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Recommend a good psychological astro book

 
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Dima Gur



Joined: 12 Dec 2014
Posts: 27
Location: Israel

Posted: Tue Jul 21, 2020 11:00 am    Post subject: Recommend a good psychological astro book Reply with quote

Hey people,

I mainly consider myself a traditional astrologer, but sometime I get requests for natal psychological reports.
That's why I'd rather get some recommendations for a good and to-the-point (maybe even a cookbook) psychological astrology book. An evolutionary astrology book may also work.

Thanks,
Dima.
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waybread



Joined: 05 Mar 2009
Posts: 965
Location: Canada

Posted: Sun Jul 26, 2020 7:55 pm    Post subject: Reply with quote

Liz Greene is probably the foremost English language psychological astrologer. You could probably find her publication list on amazon and then see what appeals to you.

A couple of caveats, though. The kind of work she does and did bears little relationship to what you would find in an accredited university psychology department in North America today. Her "Ph. D." in psychology in the early 1970s was at a now-defunct diploma mill in Los Angeles.

From that rocky start, however, Greene acquired a background in Jungian psychology, with a few Freudian overtones, that she applied to her astrological readings. I would classify her Jungian approach as relating more to motifs in the humanities than to psychology as the behavioral science.

Later in life, Greene earned a Ph. D. at the University of Bristol (2010)-- but in history, not psychology. Her thesis was on "The Kabbalah in British Occultism 1860-1940."

American astrologer Stephen Arroyo has a M. A. in psychology and is a licensed counselor. I think his Astrology, Psychology, and the Four Elements is pretty good.

Perhaps I should state the obvious, that most modern astrology is actually not psychological.

The best books for learners, in my opinion, are the early books by Robert Hand and Steven Forrest. Hand's Planets in Youth and Planets in Transit are the best "cookbooks" that I know. Forrest's most recent books are in evolutionary astrology (not my cup of tea,) but his early books The Inner Sky and The Changing Sky are really good.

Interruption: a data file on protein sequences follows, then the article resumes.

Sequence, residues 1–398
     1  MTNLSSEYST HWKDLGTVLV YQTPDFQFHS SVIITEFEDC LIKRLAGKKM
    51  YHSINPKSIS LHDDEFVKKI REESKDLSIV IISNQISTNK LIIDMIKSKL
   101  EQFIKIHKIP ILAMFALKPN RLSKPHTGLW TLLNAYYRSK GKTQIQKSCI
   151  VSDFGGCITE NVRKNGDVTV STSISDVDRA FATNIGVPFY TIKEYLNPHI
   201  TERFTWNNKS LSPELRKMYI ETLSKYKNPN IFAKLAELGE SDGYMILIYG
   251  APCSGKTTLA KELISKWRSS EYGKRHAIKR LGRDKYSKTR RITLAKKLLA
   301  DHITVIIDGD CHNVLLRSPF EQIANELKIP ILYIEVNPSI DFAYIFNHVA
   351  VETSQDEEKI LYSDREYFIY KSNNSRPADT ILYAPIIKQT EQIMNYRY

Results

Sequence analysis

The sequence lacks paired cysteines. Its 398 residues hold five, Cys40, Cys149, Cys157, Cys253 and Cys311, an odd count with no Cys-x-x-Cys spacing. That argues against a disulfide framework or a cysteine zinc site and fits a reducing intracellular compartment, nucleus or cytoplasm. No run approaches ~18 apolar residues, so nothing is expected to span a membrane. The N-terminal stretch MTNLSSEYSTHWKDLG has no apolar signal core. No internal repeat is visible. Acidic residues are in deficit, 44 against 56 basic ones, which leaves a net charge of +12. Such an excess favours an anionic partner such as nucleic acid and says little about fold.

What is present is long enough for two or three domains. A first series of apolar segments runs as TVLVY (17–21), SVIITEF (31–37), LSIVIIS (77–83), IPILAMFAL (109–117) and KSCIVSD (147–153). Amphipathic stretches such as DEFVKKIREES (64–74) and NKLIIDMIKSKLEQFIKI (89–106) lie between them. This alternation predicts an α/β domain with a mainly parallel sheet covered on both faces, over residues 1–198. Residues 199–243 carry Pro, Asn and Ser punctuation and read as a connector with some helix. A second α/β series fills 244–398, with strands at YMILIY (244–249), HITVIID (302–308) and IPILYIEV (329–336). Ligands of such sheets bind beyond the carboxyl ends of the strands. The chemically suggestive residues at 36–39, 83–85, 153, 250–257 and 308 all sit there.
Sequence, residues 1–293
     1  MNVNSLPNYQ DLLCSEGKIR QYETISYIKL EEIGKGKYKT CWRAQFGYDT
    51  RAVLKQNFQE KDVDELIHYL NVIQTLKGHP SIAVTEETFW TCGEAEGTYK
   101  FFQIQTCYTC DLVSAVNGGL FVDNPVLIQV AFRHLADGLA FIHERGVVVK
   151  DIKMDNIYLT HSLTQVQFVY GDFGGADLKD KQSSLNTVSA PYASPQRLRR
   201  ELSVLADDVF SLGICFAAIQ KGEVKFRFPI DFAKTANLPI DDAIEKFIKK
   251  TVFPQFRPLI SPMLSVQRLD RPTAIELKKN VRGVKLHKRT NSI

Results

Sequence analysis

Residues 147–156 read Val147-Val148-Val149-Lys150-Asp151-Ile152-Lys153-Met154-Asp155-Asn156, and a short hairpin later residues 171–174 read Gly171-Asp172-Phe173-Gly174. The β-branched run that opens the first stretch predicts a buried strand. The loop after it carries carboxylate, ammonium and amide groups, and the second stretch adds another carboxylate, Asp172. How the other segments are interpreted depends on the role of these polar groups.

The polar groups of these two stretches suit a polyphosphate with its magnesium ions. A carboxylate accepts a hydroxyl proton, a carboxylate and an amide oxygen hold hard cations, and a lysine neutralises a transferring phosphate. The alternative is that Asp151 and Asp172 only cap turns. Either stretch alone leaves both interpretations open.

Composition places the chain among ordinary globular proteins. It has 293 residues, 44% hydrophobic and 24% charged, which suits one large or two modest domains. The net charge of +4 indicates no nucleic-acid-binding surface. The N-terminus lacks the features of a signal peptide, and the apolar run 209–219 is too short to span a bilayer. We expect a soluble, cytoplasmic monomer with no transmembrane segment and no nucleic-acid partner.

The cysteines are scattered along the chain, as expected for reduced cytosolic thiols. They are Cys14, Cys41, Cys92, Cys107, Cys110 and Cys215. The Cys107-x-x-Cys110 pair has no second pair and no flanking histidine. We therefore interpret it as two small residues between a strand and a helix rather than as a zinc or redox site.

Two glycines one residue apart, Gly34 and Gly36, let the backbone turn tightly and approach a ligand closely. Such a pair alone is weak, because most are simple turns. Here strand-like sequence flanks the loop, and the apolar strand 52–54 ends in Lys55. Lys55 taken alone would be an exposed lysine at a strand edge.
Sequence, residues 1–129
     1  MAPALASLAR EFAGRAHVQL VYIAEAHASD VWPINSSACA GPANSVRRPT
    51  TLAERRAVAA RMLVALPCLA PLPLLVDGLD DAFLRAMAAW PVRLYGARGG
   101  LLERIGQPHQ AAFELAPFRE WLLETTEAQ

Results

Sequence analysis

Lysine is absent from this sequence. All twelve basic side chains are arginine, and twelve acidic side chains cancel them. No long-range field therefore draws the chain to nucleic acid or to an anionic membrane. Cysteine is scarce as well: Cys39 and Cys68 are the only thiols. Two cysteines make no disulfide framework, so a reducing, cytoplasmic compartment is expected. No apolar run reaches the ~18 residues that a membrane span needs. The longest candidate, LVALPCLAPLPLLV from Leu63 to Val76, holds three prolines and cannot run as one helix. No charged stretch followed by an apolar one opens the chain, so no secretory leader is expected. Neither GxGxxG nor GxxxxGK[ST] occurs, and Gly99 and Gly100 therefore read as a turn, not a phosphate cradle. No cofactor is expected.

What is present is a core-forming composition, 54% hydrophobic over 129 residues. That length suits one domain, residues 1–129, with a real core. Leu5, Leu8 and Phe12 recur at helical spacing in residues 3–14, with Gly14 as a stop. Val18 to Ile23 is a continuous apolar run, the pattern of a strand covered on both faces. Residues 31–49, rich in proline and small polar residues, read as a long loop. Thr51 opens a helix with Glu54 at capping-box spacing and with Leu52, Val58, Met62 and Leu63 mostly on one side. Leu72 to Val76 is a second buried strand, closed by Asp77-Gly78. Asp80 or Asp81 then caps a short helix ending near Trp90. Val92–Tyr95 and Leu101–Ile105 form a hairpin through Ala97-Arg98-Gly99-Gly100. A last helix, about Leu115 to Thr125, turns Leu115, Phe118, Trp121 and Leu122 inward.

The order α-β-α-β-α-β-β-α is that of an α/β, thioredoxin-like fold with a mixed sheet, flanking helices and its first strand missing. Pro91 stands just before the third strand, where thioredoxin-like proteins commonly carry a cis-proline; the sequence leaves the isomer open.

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Dima Gur



Joined: 12 Dec 2014
Posts: 27
Location: Israel

Posted: Sun Jul 26, 2020 11:05 pm    Post subject: Reply with quote

Thanks Waybread.
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Therese Hamilton



Joined: 22 Feb 2011
Posts: 1571
Location: California, USA

Posted: Mon Jul 27, 2020 8:15 pm    Post subject: Reply with quote

I don't know if anyone has ever written a better book on the psychological meaning of aspects than The Astrological Aspects by Charles Carter. This book was first published in 1930 and revised in 1967 in the days before computers, so authors had to think carefully about what they wrote. No instant publishing and easy deletion of errors!

I also like the planetary traits published by the Gauquelins. A good capsule review book of their work the small book by Francoise Gauquelin, Psychology of the Planets (1982). These traits apply to key planets anywhere in chart, not only in the Gauquelin plus zones. (Such as planets in aspect to the Sun or Moon or ascendant/lord.)

It's also good to review Chapter 5 on the planets in Benjamin Dykes' Introduction to Traditional Astrology (2010).

The trick to using traits in these books is to figure out from the birth chart which planets especially influence a person's psychology, and then whether they are likely to be used in a positive or negative way by the individual. I try to shy away from the supposed traits of signs of the zodiac as they often tend to be less than accurate and can be too general.
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Fleur



Joined: 05 Feb 2014
Posts: 860

Posted: Tue Jul 28, 2020 1:04 pm    Post subject: Reply with quote

I will second Therese's recommendation for Charles Carter, he had a genuine personal insight beyond any trends of his time.

I also like Robert Hand's books, he clarifies and simplifies ideas so you can grasp them easily and use them for yourself in your own way. His explanation of the Moons Nodes is the best ever.

I am not completely sure what is meant by psychological astrology. I used to read a lot of books like "The Gods of Change" by Howard Sasportas and "Astrology, Karma and Transformation" by Stephen Arroyo, but now find these along with a lot of other astrology books of their era to be biased to a new age ideology of their time that I don't accept. Too many judgements in that ideology that I don't think are true or helpful.
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waybread



Joined: 05 Mar 2009
Posts: 965
Location: Canada

Posted: Tue Jul 28, 2020 5:25 pm    Post subject: Reply with quote

I agree that the New Age and "psychological" components may not read so well today; but by the same token, the really dire analyses of Hellenistic astrologers might not appeal to people who are otherwise interested in the ancient techniques. (Check out Ptolemy on Mars opposite Saturn in a nativity, or Valens on the signs of Aquarius and Capricorn.)